Web powerful in politics ? not governing
- By William Matthews
- Nov 15, 2000
Beyond question, the Internet has proven its utility in politics.
Democrats.com, for example, has used the Web to round up 3,000 notarized
affidavits from Florida voters for possible use in court challenges if Republican
George W. Bush is awarded the presidency. Meanwhile, Web traffic remains
at rush-hour volumes on sites devoted to the Florida vote recount. And candidates
have shown they can raise millions of dollars and mobilize thousands of
supporters effectively over the Web.
What has not been demonstrated, however, is that the Internet can be
effectively used in governing, laments Steven Clift, who heads Democracies
Online. The Minnesota-based organization exists to promote the Internet
as a way to make government more democratic.
So far, "the Internet is doing a poor job of empowering people," Clift
told a gathering of online government advocates Wednesday. In theory, the
Web could permit widespread participation by the people in government decision-making.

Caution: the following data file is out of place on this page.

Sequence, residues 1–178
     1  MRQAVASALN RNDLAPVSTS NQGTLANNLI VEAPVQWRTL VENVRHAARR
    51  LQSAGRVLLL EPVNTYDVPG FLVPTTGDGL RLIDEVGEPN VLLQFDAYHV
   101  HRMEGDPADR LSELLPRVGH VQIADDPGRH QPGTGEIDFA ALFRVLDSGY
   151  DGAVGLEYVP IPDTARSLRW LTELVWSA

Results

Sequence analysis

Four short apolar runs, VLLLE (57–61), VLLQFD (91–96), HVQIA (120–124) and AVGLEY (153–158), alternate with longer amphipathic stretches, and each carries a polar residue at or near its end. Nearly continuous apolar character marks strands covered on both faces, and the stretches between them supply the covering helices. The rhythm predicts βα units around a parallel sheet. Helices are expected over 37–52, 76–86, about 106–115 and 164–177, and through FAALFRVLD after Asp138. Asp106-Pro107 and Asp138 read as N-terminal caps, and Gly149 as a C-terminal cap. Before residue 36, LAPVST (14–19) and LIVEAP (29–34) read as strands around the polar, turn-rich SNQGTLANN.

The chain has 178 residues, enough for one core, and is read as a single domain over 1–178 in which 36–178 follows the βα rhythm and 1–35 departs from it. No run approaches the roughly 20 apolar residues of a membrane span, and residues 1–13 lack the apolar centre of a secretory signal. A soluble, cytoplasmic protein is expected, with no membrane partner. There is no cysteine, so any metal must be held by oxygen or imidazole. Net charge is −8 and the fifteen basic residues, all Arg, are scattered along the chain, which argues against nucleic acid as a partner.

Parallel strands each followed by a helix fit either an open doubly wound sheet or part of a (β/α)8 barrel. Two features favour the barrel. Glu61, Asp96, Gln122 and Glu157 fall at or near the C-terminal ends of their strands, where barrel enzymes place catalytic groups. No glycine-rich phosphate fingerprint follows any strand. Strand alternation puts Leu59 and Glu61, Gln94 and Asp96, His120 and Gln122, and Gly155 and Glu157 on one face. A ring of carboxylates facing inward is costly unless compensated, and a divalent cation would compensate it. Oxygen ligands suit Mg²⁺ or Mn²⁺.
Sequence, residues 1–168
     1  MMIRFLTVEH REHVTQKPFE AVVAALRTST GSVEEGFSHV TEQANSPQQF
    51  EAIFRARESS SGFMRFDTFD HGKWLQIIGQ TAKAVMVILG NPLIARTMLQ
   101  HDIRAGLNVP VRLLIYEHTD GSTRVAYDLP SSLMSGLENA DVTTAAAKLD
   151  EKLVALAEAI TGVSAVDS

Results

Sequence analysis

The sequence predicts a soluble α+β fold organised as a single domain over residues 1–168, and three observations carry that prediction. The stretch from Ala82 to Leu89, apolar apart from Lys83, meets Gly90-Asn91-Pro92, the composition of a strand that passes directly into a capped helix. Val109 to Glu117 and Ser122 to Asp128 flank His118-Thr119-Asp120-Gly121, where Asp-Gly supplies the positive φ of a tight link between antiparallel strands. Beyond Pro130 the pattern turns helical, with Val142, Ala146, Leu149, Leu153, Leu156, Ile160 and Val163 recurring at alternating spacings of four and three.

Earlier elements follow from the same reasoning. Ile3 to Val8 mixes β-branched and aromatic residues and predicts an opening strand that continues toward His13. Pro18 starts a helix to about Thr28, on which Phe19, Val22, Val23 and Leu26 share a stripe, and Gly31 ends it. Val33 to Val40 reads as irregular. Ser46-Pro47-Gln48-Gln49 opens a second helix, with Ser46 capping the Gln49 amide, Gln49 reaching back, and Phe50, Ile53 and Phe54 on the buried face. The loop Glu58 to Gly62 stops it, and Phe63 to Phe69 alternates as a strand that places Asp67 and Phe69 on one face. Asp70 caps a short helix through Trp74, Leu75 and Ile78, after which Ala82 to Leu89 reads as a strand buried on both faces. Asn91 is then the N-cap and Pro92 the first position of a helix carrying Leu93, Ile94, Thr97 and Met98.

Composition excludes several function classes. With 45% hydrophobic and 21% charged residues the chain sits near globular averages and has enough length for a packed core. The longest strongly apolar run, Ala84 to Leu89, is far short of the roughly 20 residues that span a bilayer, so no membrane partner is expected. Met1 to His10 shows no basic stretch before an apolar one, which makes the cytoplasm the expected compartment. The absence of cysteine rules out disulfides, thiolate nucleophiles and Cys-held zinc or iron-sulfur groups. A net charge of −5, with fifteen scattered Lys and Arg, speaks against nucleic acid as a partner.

In practice, it hardly ever happens.
Government agencies, for example, could post draft policies on the Internet
and let the public comment on them before writing final rules and regulations.
But none do, said Thomas Kelil, an information technology specialist for
the Clinton administration. There are some technical problems, such as how
to cope with the huge volume of responses some issues would undoubtedly
But problems like that could be solved. The real issue is that no one
in the government is responsible for thinking of how to use technology to
improve democracy, Kelil said.
Another problem is that government rules written for other purposes
are being applied to the Internet. In Congress, for example, members are
forbidden from updating their Web sites 60 days before an election. The
rule is related to one that prohibits incumbents from mailing multiple letters
to constituents immediately before an election, in effect campaigning at
taxpayers' expense. But Web sites are not the equivalent of mail. Mail is
delivered whether recipients want it or not. People choose to visit Web
Perhaps the biggest problem is widespread ignorance about the Internet
among elected officials and policy-makers.
"I've had candidates call and ask me if it was OK for them to accept
online campaign contributions," said Jim Buie, director of candidate services